Originating around the early 2000’s and following the day after thanksgiving, Black Friday is an American invention regarded as the start of the Christmas shopping season. First surfacing in the UK around 2003, Black Friday has been a recognised Americanized concept which initially failed to catch on, however with the spread of the internet and adoption of many shops from 2013, Black Friday has now grown to replicate the fanaticism of our American counterparts. Being someone who has slowly but progressively began to adopt online shopping at a time where companies such as Amazon have really pushed the Black Friday concept to take market share from brick and mortar shops, and considering some of the awful scenes such as people being trampled for a crap TV, I wanted to really give my opinion on this artificial holiday.
I was prompted to share my opinion on this subject from an article that I saw online about the need for Black Friday and how it “pushes needed sales” to the “Brick and mortar shops”, basically highlighting nothing but positive factors about this self-proclaimed holiday that has turned into a sport. Now I would be a fool to not acknowledge the economic benefits of Black Friday especially since I live in a city which suffered from the various banking crisis from a few years prior, so these sales really do help keep shops moving and generate much-needed income to keep a high street surviving but I feel as a whole Black Friday does more bad than good.
My argument is that regardless of whether the credit crisis happened or not to cripple business, the early 2000’s started to see the rise of online retailers and thus sealed what will be the eventual fate of shops. If you’re willing to accept that concept then surely it can then be agreed that the high street that you know will cease to exist within maybe 20 years, as a direct result of online stores undercutting shops like what fatefully happened to HMV. So the camp that supports Black Friday use this fact by highlighting the availability for a store to open at midnight to offer deals, over online which has the limitations of shipping as a focal point for the continued benefit and need of shops. This is a classic case of companies playing on people’s urgency to be a consumer and spend money which is clever, but ultimately frustrating that companies invite chaos for the opportunity to survive just a few more years.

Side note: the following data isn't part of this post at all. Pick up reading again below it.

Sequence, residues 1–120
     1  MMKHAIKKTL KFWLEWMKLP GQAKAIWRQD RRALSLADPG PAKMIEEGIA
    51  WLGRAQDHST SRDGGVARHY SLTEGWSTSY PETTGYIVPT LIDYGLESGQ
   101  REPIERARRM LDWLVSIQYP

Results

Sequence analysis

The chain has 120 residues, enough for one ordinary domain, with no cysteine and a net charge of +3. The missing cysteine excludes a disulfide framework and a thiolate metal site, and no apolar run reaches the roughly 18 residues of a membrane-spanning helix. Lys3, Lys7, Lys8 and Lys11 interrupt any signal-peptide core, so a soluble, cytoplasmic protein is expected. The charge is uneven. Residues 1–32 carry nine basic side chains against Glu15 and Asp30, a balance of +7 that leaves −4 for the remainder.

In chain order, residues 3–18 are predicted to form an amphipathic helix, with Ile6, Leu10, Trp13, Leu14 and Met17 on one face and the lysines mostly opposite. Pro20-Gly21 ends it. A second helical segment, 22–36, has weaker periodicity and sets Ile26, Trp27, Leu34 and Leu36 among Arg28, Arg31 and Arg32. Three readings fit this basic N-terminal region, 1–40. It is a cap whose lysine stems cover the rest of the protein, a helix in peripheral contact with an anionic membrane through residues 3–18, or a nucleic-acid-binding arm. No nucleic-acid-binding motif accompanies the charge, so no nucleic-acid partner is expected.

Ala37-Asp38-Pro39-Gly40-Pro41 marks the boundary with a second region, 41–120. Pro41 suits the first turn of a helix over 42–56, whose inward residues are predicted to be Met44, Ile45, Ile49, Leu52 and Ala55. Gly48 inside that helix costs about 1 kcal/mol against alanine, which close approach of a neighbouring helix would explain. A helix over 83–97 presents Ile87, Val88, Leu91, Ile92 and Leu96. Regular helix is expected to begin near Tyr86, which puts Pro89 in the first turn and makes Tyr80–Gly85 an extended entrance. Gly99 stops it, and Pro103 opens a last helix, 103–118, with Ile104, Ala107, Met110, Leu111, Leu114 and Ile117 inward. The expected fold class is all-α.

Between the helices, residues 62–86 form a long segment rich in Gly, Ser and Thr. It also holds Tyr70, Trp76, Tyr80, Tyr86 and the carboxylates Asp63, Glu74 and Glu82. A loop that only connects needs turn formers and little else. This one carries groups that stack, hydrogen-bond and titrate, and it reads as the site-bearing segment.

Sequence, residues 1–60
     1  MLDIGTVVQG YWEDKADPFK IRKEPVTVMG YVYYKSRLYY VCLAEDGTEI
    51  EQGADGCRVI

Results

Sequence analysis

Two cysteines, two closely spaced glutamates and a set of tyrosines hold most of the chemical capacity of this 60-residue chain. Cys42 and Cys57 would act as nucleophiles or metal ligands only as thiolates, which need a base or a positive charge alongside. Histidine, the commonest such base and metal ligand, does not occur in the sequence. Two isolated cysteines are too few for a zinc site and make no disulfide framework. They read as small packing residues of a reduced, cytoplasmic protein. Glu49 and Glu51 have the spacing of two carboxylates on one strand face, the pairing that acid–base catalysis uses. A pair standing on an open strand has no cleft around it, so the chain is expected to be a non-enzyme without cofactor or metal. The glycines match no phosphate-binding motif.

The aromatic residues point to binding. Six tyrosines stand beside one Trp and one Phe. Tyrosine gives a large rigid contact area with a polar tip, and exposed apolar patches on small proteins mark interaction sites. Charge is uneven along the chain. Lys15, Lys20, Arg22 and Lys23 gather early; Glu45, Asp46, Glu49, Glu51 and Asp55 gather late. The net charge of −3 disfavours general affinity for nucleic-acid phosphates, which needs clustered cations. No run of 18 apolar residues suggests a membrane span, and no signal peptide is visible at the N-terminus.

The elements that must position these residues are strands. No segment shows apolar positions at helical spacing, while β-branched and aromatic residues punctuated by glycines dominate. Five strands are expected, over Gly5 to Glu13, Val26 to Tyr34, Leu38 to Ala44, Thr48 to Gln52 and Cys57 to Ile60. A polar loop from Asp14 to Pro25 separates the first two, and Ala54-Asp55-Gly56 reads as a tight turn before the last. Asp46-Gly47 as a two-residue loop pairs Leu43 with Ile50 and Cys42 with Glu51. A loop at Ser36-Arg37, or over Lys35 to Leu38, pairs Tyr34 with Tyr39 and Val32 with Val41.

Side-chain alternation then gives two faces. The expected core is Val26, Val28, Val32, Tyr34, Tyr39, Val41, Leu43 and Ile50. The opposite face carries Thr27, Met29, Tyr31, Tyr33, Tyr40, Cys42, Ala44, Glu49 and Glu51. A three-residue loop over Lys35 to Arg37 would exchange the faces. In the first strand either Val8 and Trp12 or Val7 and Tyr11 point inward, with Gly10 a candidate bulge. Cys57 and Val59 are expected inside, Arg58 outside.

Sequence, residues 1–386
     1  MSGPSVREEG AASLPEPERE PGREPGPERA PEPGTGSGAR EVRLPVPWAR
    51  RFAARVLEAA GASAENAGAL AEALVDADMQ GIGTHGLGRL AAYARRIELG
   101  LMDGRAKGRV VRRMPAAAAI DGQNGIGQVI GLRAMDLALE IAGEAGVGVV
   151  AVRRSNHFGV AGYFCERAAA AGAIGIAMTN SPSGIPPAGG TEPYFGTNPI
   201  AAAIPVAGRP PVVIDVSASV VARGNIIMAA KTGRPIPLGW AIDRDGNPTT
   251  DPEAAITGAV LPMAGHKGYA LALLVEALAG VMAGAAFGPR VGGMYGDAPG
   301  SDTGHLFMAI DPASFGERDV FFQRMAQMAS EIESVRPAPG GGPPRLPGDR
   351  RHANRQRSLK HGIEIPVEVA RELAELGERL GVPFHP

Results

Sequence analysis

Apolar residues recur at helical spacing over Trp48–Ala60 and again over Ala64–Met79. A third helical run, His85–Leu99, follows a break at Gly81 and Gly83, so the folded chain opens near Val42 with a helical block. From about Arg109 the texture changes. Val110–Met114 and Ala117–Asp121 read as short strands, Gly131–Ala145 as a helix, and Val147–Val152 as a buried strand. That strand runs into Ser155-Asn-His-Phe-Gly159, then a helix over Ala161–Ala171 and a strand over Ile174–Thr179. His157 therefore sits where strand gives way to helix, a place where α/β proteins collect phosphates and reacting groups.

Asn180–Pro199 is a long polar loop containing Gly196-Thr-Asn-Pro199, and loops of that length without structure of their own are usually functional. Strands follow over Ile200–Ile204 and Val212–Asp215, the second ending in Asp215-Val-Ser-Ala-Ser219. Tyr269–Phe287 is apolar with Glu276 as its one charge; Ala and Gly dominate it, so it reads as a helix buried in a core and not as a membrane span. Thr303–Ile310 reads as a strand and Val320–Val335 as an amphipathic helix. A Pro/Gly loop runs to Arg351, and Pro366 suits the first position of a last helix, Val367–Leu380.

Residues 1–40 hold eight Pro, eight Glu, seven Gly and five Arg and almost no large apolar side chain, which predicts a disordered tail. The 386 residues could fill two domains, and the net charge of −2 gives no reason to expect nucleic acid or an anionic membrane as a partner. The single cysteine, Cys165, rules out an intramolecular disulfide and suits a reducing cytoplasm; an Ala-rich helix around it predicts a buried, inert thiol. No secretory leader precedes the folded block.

In some sense I enjoy the simplicity and honesty of Black Friday. It tells you it is going to discount crap and you should buy it over Valentine’s Day which has a message of love but a massive emphasis on spending money. But I despise how companies engineer this sense of urgency and competition to grab a deal before it’s gone and then act shocked when scenes of people being trampled appear on the news. Black Friday is not shopping but more barbarism, inciting desperation among people who have no restraint and does not serve people in any other way than to line the pockets of corporations until New Years where a new campaign will begin.
Did I make sense? Probably not. Do many people care? Probably not. I think I’m more annoyed at the fact people rush to defend the high street like it’s sacred and how we “need” physical shops, when they only care about your money and happily allow violence to create sensationalism and thus further promote the blight that is Black Friday. I understand the excitement of waiting in a line for a game to release immersing myself in the friendly atmosphere and conversation, but I will never understand the people who almost destroy a shop door and create a stampede for what is usually a minimal discount on an average product. But alas I can not blame every human who participates in the Black Friday stampedes so I therefore blame the companies that encourage it. With my only hope being that online stores like Amazon can eventually phase this mentality out and stop what highlights the worst of society.
What do you think about Black Friday? Drop a comment and let us know.